TDC-18-2331, 2018 WL 4922349, at *3 (D. Md. Oct. 10, 2018).
Then, after being formally served with the Summons and
Complaint, Defendants filed the pending Motion to Dismiss.
Nearly two months later and several weeks after the deadline
for opposing the Motion had passed, Young-Bey filed on
February 11, 2019 a Motion for Extension of Time to File
Opposition to Defendants' Motion to Dismiss. The Court
granted Young-Bey until March 15, 2019 to file an amended
complaint or respond to the pending Motion. On March 18,
2019, Young-Bey again moved for an extension of time to
respond. The Court again granted Young-Bey an extension,
until April 1, 2019, to file his response. Despite these
extensions, Young-Bey never filed an amended complaint or a
memorandum in opposition to Defendants' Motion to
seek dismissal of Young-Bey's Complaint for failure to
state a claim pursuant to Federal Rule of Civil Procedure
12(b)(6). They argue that: (1) Young-Bey has not pleaded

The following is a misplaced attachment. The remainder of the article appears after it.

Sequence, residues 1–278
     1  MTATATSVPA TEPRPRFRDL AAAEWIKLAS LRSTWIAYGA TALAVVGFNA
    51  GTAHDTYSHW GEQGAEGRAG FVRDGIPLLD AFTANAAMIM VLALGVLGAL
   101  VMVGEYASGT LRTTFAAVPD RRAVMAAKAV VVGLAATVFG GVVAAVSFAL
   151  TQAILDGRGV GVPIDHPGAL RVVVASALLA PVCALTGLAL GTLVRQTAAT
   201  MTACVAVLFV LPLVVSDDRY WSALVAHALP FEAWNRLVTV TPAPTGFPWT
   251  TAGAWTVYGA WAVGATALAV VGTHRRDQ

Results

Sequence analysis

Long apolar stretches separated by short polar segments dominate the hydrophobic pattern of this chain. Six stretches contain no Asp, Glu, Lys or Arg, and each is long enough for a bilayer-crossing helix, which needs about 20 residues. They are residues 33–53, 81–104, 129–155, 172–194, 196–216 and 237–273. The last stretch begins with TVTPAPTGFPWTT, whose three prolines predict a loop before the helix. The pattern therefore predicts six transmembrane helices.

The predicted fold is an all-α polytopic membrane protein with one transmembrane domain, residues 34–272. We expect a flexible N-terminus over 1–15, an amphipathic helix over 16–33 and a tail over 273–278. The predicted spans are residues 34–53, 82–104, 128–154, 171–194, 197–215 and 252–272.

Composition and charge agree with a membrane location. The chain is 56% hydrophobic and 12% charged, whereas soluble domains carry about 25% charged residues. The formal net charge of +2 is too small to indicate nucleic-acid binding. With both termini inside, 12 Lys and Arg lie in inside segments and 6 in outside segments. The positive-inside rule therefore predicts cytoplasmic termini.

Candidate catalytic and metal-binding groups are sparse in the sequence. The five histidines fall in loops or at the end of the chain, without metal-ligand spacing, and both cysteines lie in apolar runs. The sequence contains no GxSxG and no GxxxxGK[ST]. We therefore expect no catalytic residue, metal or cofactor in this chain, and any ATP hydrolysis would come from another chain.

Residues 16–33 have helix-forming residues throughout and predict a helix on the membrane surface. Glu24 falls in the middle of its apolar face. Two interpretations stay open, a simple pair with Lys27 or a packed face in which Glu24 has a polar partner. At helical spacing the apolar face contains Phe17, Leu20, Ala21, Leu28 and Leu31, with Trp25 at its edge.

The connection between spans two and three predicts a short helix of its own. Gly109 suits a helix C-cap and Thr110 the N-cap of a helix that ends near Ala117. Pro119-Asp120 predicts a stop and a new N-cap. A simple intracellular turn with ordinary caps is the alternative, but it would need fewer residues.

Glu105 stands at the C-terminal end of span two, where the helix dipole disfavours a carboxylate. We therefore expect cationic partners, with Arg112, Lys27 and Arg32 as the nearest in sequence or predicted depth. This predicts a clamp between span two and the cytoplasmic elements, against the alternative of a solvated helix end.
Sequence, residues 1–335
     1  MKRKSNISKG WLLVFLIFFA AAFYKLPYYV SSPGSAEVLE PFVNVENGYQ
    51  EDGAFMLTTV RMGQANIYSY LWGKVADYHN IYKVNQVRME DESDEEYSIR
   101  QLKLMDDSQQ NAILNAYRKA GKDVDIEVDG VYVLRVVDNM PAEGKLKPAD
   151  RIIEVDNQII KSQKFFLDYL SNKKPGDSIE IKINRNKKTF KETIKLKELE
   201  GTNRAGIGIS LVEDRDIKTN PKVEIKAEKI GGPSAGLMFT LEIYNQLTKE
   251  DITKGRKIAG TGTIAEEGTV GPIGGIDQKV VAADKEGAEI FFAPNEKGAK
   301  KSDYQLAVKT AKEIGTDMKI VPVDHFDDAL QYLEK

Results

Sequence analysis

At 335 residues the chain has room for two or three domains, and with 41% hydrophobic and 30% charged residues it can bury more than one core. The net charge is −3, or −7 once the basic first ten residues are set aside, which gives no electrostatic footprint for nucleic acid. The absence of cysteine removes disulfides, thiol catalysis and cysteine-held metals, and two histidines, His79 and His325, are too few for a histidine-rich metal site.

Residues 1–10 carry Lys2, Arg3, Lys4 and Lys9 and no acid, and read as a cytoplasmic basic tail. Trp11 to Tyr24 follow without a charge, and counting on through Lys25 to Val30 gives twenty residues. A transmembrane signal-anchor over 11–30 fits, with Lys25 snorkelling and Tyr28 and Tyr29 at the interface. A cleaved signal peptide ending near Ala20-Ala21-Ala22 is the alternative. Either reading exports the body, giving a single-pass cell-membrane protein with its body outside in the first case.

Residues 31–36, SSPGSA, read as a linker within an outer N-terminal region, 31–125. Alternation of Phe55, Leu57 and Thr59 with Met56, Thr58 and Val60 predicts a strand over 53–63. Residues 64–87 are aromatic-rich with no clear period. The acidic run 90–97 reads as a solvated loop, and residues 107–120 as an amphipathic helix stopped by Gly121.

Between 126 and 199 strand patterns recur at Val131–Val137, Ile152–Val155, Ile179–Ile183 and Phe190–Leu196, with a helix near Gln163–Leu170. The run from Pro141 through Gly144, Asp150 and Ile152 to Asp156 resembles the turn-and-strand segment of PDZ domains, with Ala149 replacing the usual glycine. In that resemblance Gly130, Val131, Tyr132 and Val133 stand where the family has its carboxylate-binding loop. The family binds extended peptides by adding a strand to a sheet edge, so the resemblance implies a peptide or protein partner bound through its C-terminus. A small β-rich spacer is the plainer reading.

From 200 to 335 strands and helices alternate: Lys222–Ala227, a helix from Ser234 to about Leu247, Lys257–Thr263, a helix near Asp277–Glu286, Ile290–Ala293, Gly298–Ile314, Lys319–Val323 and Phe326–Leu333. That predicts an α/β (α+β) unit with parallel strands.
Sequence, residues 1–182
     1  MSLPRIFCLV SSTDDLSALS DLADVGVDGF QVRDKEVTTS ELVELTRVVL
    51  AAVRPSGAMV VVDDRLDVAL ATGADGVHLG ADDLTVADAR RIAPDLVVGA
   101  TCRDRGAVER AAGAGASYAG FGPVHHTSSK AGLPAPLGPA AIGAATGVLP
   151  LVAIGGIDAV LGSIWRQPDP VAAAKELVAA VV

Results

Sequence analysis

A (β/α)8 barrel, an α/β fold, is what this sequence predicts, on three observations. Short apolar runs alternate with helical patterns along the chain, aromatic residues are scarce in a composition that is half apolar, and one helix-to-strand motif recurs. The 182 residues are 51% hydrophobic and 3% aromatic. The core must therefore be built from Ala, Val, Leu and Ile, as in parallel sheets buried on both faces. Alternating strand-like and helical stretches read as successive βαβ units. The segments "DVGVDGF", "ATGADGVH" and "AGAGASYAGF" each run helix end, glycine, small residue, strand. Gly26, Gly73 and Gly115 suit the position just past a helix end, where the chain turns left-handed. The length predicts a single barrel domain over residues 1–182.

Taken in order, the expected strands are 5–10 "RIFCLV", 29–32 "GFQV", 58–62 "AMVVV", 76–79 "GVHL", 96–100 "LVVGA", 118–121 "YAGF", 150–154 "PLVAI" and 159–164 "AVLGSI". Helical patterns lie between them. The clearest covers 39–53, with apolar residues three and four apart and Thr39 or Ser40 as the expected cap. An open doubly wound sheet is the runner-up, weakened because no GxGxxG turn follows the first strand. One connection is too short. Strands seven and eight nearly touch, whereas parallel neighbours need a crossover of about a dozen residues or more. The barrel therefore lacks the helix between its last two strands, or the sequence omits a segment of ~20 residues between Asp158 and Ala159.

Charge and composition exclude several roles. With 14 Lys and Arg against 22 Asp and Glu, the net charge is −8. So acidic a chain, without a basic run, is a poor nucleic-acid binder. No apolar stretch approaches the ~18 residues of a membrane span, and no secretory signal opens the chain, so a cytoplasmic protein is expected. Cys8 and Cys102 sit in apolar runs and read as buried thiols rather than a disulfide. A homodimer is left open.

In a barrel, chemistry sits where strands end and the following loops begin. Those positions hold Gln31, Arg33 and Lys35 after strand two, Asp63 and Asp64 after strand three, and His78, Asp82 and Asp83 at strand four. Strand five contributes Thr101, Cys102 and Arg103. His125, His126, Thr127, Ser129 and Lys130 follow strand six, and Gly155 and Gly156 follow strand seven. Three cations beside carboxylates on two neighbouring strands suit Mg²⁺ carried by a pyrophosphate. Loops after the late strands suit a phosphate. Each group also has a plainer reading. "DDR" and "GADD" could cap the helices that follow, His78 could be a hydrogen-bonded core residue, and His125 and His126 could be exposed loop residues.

sufficient facts to demonstrate that Defendants are debt
collectors subject to the FDCPA; (2) Young-Bey has not stated
sufficient facts to state a plausible claim that Defendants
acted with discriminatory intent in violation of the FHA; and
(3) if the federal claims are dismissed, the Court should
decline to exercise supplemental jurisdiction over
Young-Bey's state law claims. Because the Court agrees
with these arguments, it need not address Defendants'
remaining arguments that Young-Bey's state law claims
should be dismissed on the merits.
defeat a motion to dismiss under Rule 12(b)(6), the complaint
must allege enough facts to state a plausible claim for
relief. Ashcroft v. Iqbal, 556 U.S. 662, 678 (2009).
A claim is plausible when the facts pleaded allow "the
Court to draw the reasonable inference that the defendant is
liable for the misconduct alleged." Id.
Although courts should construe pleadings of self-represented
litigants liberally, Erickson v. Pardus, 551 U.S.
89, 94 (2007), legal conclusions or conclusory statements do
not suffice, Iqbal, 556 U.S. at 678. The Court must
examine the complaint as a whole, consider the factual
allegations in the complaint as true, and construe the
factual allegations in the light most favorable to the
plaintiff. Albright v. Oliver, 510 U.S. 266, 268
(1994); Lambeth v. Bd. of Comm'rs of Davidson
Cty., 407 F.3d 266, 268 (4th Cir. 2005).
deciding a motion to dismiss, a court may "take judicial
notice of matters of public record" and may consider
exhibits submitted with the motion "so long as they are